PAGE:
MAGNIFICENT MERCOLA: Broken Heart Syndrome Is on the Rise

Takotsubo-Cardiomyopath_20211105-164815_1

In today's Magnificent Mercola, we will focus on the heart, literally.

A couple of months ago, I shared an article in my Spiritual Science series called "How to let your heart guide and heal you." Today Dr. Mercola shares more scientific information regarding how the heart and the brain are connected and what some people are experiencing, known as "Broken Heart Syndrome." I will link my article from a few months ago in the related section so that you can read both.

Story at-a-glance

  • Broken heart syndrome is also called Takotsubo syndrome (TTS). Under severe emotional stress, the left ventricle of the heart can balloon and trigger what looks like a heart attack
  • Data show that the incidence of TTS was rising before COVID-19 began spreading, especially in middle-aged and older women
  • Scientists have long suspected that the syndrome is associated with a brain-heart connection that can be triggered by a significant emotional trauma, such as a car accident, loss of a loved one, domestic violence, and financial loss
  • It is important to learn how to manage stress to protect your overall health. Consider Emotional Freedom Techniques, meditation, spending more time in nature, breathing through your nose, and a combination of vitamin B6 and magnesium

Smidt Heart Institute has published a study in the Journal of the American Heart Association1 in which they found cases of broken heart syndrome are increasing in middle-aged and older women, even before the pandemic. Broken heart syndrome is more than a myth or an old wives' tale. The medical term for the condition is Takotsubo cardiomyopathy (TCM) or Takotsubo syndrome (TTS).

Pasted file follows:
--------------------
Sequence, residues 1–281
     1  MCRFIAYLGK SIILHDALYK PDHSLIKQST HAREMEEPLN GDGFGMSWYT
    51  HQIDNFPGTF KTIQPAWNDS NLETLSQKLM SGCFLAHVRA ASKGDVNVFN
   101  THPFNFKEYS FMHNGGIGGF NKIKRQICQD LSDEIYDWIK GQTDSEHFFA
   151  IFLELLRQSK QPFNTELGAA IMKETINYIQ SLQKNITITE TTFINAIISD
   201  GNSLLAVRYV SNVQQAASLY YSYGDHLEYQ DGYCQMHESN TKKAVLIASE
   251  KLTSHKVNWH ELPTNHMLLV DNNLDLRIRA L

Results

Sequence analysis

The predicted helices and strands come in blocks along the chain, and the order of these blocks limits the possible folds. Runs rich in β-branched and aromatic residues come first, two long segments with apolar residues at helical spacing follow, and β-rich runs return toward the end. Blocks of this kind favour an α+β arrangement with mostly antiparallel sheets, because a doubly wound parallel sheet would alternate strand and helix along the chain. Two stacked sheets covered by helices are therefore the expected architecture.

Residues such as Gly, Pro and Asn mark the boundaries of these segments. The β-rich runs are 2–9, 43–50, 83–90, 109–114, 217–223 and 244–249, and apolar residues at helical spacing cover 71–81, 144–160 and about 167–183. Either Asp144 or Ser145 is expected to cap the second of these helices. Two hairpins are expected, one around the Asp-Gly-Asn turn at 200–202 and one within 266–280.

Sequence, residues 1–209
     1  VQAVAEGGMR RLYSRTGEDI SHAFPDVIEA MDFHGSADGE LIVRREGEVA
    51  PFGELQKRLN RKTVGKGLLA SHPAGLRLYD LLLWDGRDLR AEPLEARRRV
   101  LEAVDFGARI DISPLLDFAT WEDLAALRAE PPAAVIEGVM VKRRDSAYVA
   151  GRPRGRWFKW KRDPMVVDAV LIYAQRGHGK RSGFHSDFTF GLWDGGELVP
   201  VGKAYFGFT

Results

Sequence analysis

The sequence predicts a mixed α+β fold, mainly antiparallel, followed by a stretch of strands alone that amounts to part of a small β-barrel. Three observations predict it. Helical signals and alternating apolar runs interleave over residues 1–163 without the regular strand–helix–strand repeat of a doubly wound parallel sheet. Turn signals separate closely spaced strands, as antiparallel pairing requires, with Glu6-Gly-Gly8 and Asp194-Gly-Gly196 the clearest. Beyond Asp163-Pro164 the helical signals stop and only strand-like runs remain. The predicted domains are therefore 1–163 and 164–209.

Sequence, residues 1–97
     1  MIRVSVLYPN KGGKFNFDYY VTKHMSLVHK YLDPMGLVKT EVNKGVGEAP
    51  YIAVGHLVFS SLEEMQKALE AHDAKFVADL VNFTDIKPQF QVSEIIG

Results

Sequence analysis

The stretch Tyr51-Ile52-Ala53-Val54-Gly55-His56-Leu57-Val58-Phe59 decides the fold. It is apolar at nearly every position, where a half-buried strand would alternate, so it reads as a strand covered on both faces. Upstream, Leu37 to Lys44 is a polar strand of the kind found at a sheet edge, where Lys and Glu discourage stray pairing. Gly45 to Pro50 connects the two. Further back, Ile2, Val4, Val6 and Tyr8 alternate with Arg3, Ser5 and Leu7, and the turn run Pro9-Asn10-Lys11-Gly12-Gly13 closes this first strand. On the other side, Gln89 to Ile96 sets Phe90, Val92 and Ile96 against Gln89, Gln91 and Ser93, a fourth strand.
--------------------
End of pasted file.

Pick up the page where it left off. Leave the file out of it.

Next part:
The condition is named after a pot Japanese fishermen use to trap octopi.2 The diagnosis was first introduced in 1991 by a Japanese scientist.3 After the 1991 paper was published, doctors found several more cases in the following ten years, but the condition remained largely unrecognized outside of Eastern culture. In 2004 after the earthquake in Japan, 16 people were diagnosed with TTS.

This drew attention from scientists in the West who later named the condition broken heart syndrome in reference to those who experience the condition after the death of a loved one. After the spread of COVID-19, the prevalence of depression, anxiety, and stress and the general population rose significantly.4

A systematic review and meta-analysis of five studies including 9,074 people revealed the rise in the number of psychological disorders that impact mental health during COVID-19.5 During the U.S. Census Bureau survey in December 2020, more than 42% of Americans reported they had symptoms of anxiety or depression;6 on the other side of the world in New Zealand, depression and anxiety have exceeded population norms.7

Rising levels of stress during the pandemic also increased opioid and stimulant use precipitously.8 According to the CDC,9 deaths from drug overdoses had plateaued at 70,122 in the period ending in January 2018. After slightly dropping for a few months, the numbers began rising by November 2019, and the CDC reports the 12 months ending March 2021, there were 96,779 deaths from drug overdoses.